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The Destruction of Jerusalem - 70 A.D.
 
PART TWO

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 -PART FOUR-    -PART FIVE-   -CHART-
 

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DISCOVERING THE KEY WHOSO READETH, LET HIM UNDERSTAND 

feel that the key to discovering the proper interpretation of Matthew 24 lies within verse 15: 

Mat 24:15  When ye therefore shall see the abomination of desolation, spoken of by Daniel the prophet, stand in the holy place, (whoso readeth, let him understand:) 

What is it about this information that is so vital that we are admonished to make sure we have properly understood it?  Have you ever stopped to think about that?

WHOSO READETH, LET HIM UNDERSTAND'.

It almost seems as though the writer anticipated that it was at this very point that a great many may NOT understand. 

Now, one would think that such an admonition would be rather straightforward; we are to look to Daniel’s prophecies concerning the ‘abomination of desolation’ in order to  properly ascertain what is being spoken of here. 

Before looking at those prophecies in Daniel, I wish to remind the reader of the importance to remember that Jesus is answering the disciples’ question regarding the destruction of the temple then standing.  Current ‘pop prophecy’ literature has indoctrinated many with the idea that the ‘abomination of desolation’ will occur when an ‘antichrist’ marches into a newly rebuilt temple in Jerusalem, sits down in the holy of holies and proclaims himself to be God.  In spite of the fact that such an idea should seem absurd to any reasonable student of the Bible, it is also simply not a possibility.   Whatever is referred to as the ‘abomination of desolation’ must have primary reference to the destruction of Jerusalem and the temple of the first century.  That is not speculation; it is simply dealing honestly with the text. 

A SECOND WITNESS – CLARIFYING THE LANGUAGE OF MATTHEW 24 

It is a scriptural principle that ‘in the mouth of two or three witnesses every word may be established’ –Matt 18:16, and 'It is also written in your law, that the testimony of two men is true' John 8:17.

Keeping this principle in mind we should then consider that it is most unwise to draw conclusions about the 'abomination of desolation' and the 'great tribulation' from the material in Matthew 24 alone, without diligently comparing it to its parallel passages in the other Gospels.

 Indeed, when we compare Matthew chapter 24 with its parallel in Luke chapter 21 we get  a much clearer picture of what this ‘abomination of desolation’ really is, as well as further proof that it does in fact refer to the first century destruction of Jerusalem and it’s temple.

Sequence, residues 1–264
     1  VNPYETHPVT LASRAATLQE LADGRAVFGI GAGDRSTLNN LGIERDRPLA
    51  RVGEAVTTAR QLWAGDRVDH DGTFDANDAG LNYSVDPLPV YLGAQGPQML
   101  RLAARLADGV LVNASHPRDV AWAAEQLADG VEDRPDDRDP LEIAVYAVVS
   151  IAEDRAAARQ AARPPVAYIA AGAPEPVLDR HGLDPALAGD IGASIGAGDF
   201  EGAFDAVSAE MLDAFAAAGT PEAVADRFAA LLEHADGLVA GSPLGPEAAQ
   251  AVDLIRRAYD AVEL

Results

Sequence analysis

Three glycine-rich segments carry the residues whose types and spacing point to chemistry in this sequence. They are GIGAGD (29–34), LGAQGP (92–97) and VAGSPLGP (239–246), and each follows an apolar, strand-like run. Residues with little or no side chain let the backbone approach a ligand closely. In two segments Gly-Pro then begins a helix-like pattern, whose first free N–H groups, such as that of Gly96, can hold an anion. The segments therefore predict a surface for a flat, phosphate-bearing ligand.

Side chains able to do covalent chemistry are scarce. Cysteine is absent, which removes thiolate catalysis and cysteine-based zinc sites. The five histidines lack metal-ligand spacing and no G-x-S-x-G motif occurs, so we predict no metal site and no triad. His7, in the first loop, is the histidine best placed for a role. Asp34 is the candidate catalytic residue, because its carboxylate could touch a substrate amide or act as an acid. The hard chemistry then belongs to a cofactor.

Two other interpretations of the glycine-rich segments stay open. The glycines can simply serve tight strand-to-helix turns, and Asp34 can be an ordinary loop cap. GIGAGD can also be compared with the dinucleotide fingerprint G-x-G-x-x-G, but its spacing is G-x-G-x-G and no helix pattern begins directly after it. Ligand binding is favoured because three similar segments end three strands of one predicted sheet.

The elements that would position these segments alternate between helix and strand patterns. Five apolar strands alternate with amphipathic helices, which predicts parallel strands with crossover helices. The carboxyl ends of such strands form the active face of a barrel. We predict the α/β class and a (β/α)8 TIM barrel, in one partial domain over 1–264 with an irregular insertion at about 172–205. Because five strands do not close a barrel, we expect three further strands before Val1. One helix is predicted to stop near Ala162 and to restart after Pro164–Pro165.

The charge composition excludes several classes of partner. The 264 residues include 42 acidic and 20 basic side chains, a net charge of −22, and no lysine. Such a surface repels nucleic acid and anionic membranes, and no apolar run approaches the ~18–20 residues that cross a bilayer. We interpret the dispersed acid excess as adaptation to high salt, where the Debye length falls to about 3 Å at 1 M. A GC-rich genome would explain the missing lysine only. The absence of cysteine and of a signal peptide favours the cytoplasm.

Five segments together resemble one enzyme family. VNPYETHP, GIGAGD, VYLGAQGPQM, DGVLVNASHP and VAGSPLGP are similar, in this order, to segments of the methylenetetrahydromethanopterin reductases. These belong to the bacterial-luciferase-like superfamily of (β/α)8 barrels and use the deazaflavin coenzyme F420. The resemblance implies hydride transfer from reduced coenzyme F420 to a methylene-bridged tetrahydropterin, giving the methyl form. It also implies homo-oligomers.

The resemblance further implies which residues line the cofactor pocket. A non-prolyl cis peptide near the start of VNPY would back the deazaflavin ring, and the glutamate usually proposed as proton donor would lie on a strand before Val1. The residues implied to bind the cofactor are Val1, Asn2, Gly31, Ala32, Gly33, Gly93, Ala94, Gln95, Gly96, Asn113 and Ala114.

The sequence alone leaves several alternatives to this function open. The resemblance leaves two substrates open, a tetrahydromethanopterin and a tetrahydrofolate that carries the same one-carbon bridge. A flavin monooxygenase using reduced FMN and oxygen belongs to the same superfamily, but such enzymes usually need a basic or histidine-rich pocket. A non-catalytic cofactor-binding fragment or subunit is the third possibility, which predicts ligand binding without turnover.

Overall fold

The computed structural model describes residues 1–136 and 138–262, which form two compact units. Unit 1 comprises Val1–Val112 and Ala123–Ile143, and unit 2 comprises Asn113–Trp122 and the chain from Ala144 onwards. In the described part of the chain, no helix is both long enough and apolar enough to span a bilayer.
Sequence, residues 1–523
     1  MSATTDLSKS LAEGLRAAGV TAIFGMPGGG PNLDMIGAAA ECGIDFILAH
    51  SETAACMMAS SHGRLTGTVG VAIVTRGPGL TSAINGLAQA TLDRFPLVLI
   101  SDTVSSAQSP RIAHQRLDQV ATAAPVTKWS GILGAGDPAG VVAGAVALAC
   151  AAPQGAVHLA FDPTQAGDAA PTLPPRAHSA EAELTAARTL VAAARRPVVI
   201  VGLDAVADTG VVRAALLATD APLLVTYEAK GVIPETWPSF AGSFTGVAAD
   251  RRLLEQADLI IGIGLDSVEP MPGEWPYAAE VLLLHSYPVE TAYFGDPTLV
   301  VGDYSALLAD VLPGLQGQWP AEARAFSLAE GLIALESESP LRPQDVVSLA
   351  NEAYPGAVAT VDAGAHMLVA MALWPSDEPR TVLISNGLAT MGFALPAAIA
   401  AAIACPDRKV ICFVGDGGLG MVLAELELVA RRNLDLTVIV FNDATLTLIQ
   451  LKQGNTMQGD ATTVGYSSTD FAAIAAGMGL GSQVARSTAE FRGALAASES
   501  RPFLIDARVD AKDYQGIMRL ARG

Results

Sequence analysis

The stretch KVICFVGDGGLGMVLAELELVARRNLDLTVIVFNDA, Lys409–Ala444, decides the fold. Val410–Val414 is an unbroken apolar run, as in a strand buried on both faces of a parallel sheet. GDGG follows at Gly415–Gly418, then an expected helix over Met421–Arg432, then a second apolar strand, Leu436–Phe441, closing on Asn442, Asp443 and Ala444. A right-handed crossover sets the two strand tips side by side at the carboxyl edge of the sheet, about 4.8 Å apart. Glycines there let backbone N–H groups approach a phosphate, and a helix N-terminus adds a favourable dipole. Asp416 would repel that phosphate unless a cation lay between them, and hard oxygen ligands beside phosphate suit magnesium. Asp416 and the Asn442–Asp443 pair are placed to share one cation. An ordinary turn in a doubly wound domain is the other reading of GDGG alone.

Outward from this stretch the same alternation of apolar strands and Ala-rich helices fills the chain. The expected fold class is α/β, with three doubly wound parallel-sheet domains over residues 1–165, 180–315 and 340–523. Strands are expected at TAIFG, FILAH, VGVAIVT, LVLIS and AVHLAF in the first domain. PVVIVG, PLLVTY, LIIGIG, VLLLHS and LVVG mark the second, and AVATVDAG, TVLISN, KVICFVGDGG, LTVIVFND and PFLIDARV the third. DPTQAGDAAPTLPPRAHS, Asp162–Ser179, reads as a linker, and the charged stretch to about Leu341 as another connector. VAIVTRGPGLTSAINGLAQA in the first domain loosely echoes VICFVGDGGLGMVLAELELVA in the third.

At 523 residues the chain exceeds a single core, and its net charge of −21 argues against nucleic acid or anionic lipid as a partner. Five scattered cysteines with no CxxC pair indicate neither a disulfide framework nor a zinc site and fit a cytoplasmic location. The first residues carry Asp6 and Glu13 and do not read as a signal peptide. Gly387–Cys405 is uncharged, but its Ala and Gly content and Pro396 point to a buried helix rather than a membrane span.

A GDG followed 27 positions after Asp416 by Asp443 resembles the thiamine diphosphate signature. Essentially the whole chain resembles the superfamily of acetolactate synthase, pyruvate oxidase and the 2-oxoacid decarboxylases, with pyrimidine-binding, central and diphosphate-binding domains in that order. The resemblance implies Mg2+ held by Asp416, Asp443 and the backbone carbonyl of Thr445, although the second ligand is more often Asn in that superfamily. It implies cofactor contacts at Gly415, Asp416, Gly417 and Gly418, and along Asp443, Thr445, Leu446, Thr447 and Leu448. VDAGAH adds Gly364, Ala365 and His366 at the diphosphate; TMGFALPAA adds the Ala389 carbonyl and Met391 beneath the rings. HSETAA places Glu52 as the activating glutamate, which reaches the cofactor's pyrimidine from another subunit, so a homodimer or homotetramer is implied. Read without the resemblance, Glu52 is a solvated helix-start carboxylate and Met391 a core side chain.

Compare carefully the following two passages: 

Matthew 24

 

Luke 21

Mat 24:15-16  When ye therefore shall see the abomination of desolation, spoken of by Daniel the prophet, stand in the holy place, (whoso readeth, let him understand:)  (16)  Then let them which be in Judaea flee into the mountains:

Abomination of Desolation

 

Luk 21:20-21  And when ye shall see Jerusalem compassed with armies, then know that the desolation thereof is nigh.  (21)  Then let them which are in Judaea flee to the mountains;

 Notice carefully here how one passage defines the other. What Jesus calls the ‘abomination of desolation’ in Matthew 24 is clearly defined in Luke 21 as “Jerusalem compassed with armies”.  This comparison alone should serve to show exactly what the ‘abomination of desolation’ is. In spite of all the speculations of commentators it should be obvious that the ‘abomination of desolation’ is clearly defined as the military presence of the Roman army in Jerusalem.  Nor can there be any mistake about when these events were to take place – the information about the ‘armies’ and the ‘desolation’ here spoken of is once again clearly given to answer the disciples’ question about the temple and the fact that Jesus had told them that ‘not one stone would be left upon another’.  That is to say, here we have a clear prediction of the Roman destruction which would come upon Jerusalem in 70 AD.  Jesus calls these events 'the abomination of desolation'. It seems to me to be a fallacy of interpretation to try to give to these passages as their primary meaning a fulfillment which would not take place until the 21st century or beyond. 

THE SEVENTY WEEKS PROPHECY